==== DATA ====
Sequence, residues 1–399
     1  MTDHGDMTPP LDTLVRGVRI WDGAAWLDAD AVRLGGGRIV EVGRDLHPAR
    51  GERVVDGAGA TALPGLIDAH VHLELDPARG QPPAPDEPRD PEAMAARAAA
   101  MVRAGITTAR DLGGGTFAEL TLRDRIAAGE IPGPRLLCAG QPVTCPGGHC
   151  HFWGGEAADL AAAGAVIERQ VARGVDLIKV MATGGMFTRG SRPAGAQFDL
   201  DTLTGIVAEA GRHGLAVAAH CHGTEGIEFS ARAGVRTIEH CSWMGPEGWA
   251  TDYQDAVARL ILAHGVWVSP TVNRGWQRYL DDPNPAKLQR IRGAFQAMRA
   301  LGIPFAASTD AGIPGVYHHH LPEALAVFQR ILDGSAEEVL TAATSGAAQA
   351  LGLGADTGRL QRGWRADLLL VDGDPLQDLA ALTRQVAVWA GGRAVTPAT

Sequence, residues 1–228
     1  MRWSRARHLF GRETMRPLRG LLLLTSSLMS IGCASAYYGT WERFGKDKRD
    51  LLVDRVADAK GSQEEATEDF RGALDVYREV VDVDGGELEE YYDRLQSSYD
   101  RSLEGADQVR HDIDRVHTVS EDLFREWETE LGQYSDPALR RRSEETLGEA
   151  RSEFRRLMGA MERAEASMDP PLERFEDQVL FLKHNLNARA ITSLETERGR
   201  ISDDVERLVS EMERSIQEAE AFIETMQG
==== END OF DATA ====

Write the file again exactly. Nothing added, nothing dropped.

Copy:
Sequence, residues 1–399
     1  MTDHGDMTPP LDTLVRGVRI WDGAAWLDAD AVRLGGGRIV EVGRDLHPAR
    51  GERVVDGAGA TALPGLIDAH VHLELDPARG QPPAPDEPRD PEAMAARAAA
   101  MVRAGITTAR DLGGGTFAEL TLRDRIAAGE IPGPRLLCAG QPVTCPGGHC
   151  HFWGGEAADL AAAGAVIERQ VARGVDLIKV MATGGMFTRG SRPAGAQFDL
   201  DTLTGIVAEA GRHGLAVAAH CHGTEGIEFS ARAGVRTIEH CSWMGPEGWA
   251  TDYQDAVARL ILAHGVWVSP TVNRGWQRYL DDPNPAKLQR IRGAFQAMRA
   301  LGIPFAASTD AGIPGVYHHH LPEALAVFQR ILDGSAEEVL TAATSGAAQA
   351  LGLGADTGRL QRGWRADLLL VDGDPLQDLA ALTRQVAVWA GGRAVTPAT

Sequence, residues 1–228
     1  MRWSRARHLF GRETMRPLRG LLLLTSSLMS IGCASAYYGT WERFGKDKRD
    51  LLVDRVADAK GSQEEATEDF RGALDVYREV VDVDGGELEE YYDRLQSSYD
   101  RSLEGADQVR HDIDRVHTVS EDLFREWETE LGQYSDPALR RRSEETLGEA
   151  RSEFRRLMGA MERAEASMDP PLERFEDQVL FLKHNLNARA ITSLETERGR
   201  ISDDVERLVS EMERSIQEAE AFIETMQG